- A new study has found that regularly eating leafy greens can boost muscle function, which in turn could help prevent falls and fractures.
- The body converts nitrates into nitric oxide, which can open up the blood vessels, improving blood flow and exercise performance.
- In the study, participants who ate the most nitrates — which are plentiful in leafy greens like spinach, kale, and lettuce — had 11 percent stronger lower limb strength.
Eating leafy greens can do wonders for muscle strength, according to new research from Edith Cowan University.
The study, which published in the Journal of Nutrition on March 24, found that regularly eating nitrate-rich leafy greens, like spinach and kale, can boost muscle function, which in turn may help prevent falls and fractures.
The body converts nitrates into nitric oxide, which can open up the blood vessels, improving blood flow and exercise performance.
Over time, a vegetable-rich diet can improve heart health and cognitive health.
“In general, leafy greens are some of the most nutrient-rich, calorie-light foods on the planet — packing a punch with numerous vitamins and minerals,” said Dr. Casey Kelley, a family medicine physician and the founder and medical director of Case Integrative Health.
The researchers evaluated health data from 3,759 Australians over a 12-year period.
Participants who ate the most nitrates — which are plentiful in leafy greens like spinach, kale, and lettuce — had 11 percent stronger lower limb strength.
Their walking speed was approximately 4 percent faster compared with participants who ate less leafy greens.
The researchers also surveyed the participants’ physical activity. They found that the vegetables boosted muscle strength regardless of whether the participants exercised.
Leafy greens are packed with nitrates, which the body converts into nitric oxide.
“Nitric oxide relaxes the blood vessels and causes them to widen. This allows for greater delivery of oxygen to the muscles,” said Dr. Niket Sonpal, an internist and gastroenterologist based in New York City.
Our muscles require more oxygen when we exercise. Sonpal said that oxygen is essential “for creating fuel while working out and is also important for muscle recovery.”
Increased oxygen flow could allow our muscles to
Muscle strength is a critical component of overall health. It helps with everyday tasks like lifting heavy objects, walking, and even getting out of bed.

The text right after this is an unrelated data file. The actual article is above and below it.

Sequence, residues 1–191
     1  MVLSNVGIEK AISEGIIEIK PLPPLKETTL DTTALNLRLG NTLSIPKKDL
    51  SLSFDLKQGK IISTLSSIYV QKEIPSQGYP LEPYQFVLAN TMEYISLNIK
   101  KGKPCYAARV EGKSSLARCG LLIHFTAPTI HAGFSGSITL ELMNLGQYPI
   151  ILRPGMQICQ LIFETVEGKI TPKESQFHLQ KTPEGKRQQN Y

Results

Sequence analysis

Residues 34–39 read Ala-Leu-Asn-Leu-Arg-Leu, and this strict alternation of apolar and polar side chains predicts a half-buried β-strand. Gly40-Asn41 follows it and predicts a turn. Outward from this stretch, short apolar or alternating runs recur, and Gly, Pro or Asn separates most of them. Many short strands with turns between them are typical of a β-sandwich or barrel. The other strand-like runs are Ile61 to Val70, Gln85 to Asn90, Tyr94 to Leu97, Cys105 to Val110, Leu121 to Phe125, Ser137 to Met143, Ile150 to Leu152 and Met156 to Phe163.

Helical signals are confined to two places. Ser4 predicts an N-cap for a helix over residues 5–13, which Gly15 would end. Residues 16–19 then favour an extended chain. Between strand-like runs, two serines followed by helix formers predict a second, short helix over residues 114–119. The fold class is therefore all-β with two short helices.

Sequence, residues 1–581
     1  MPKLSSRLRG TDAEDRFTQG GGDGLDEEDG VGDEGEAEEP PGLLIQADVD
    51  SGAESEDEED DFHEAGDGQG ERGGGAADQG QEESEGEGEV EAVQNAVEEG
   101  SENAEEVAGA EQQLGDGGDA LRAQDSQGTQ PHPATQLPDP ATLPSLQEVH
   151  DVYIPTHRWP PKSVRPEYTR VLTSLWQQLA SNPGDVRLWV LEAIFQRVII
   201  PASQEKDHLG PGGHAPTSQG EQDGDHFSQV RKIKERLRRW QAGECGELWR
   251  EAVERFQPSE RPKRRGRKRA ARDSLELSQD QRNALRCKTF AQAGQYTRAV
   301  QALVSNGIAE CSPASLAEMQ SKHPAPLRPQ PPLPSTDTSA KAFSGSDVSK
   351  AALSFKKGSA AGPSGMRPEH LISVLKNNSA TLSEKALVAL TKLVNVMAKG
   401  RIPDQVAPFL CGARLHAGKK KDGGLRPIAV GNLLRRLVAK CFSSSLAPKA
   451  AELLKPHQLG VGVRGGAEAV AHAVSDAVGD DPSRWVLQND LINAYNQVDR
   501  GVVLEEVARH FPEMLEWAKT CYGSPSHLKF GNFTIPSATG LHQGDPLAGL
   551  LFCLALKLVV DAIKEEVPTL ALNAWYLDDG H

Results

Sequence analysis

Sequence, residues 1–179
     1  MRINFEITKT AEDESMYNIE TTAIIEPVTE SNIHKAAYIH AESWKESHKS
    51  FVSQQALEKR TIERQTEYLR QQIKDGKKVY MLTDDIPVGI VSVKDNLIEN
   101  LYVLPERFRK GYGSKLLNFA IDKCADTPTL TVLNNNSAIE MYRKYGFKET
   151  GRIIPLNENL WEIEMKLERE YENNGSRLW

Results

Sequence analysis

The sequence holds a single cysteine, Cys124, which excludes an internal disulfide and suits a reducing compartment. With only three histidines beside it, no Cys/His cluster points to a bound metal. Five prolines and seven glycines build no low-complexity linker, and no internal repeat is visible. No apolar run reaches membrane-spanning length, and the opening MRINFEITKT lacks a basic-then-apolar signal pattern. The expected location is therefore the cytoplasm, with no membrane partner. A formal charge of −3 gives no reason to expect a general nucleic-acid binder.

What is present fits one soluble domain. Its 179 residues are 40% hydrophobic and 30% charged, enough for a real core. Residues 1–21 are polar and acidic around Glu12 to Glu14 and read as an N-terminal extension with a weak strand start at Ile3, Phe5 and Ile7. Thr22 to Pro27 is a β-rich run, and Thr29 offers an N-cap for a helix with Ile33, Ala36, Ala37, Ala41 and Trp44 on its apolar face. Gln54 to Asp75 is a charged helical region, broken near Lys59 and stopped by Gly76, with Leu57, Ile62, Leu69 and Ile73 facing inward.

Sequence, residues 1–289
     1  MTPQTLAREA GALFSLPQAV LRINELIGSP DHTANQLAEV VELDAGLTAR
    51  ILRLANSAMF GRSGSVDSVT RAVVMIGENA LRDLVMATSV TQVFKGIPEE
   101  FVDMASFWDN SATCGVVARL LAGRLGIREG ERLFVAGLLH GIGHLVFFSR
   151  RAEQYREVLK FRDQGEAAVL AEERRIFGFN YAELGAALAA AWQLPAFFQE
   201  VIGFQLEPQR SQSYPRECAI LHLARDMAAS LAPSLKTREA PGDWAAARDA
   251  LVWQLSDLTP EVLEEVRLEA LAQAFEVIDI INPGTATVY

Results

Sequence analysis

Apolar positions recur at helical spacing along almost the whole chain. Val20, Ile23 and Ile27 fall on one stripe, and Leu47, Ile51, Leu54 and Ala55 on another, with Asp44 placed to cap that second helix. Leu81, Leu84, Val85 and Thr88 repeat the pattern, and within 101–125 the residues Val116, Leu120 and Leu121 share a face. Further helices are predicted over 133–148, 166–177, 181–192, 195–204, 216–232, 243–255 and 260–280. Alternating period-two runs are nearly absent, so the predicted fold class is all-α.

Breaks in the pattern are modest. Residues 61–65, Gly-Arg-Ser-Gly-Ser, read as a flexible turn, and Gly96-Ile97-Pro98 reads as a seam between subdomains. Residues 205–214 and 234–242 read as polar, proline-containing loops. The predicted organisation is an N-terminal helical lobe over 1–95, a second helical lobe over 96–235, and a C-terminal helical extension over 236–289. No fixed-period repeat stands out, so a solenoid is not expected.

“Muscle maintenance ensures that your entire system is functioning correctly and efficiently. After all, the human is one complete system, not disparate parts operating independently,” Kelley said.
Muscle strength is also crucial for joint and bone health as it helps prevent pain and injuries.
Lean muscle may facilitate weight loss and weight management. The process in which you achieve muscle strength — diet and exercise — could
The new findings from Edith Cowan University build off previous evidence that links vegetables to heart health.
Nitric oxide can potentially
The researchers found that lettuce, spinach, kale, and beetroot had the greatest health effects.
Other nitrate-rich leafy greens include fennel, radishes, parsley, cabbage, and arugula.
“Supplements are great for getting your daily servings of vegetables into your diet. However, it’s always preferable to eat your veggies and leafy greens,” Sonpal said.
According to Kelley, supplements may be beneficial for people who don’t like the taste of leafy greens, or people who need large doses of nutrients.
For most people, however, eating a cup of leafy greens each day is enough.
“They are often a cheaper option than adding a supplement and may provide a broader base of nutrients,” Kelley said.
New research has found that eating nitrate-rich leafy greens, like spinach and kale, can boost muscle function, which may ultimately help prevent falls and fractures in the future.
The body converts nitrates into nitric oxide, which may help improve blood flow, in turn enhancing exercise performance.
Building overall muscle strength through diet and exercise may help people avoid falls or bone fractures in the future.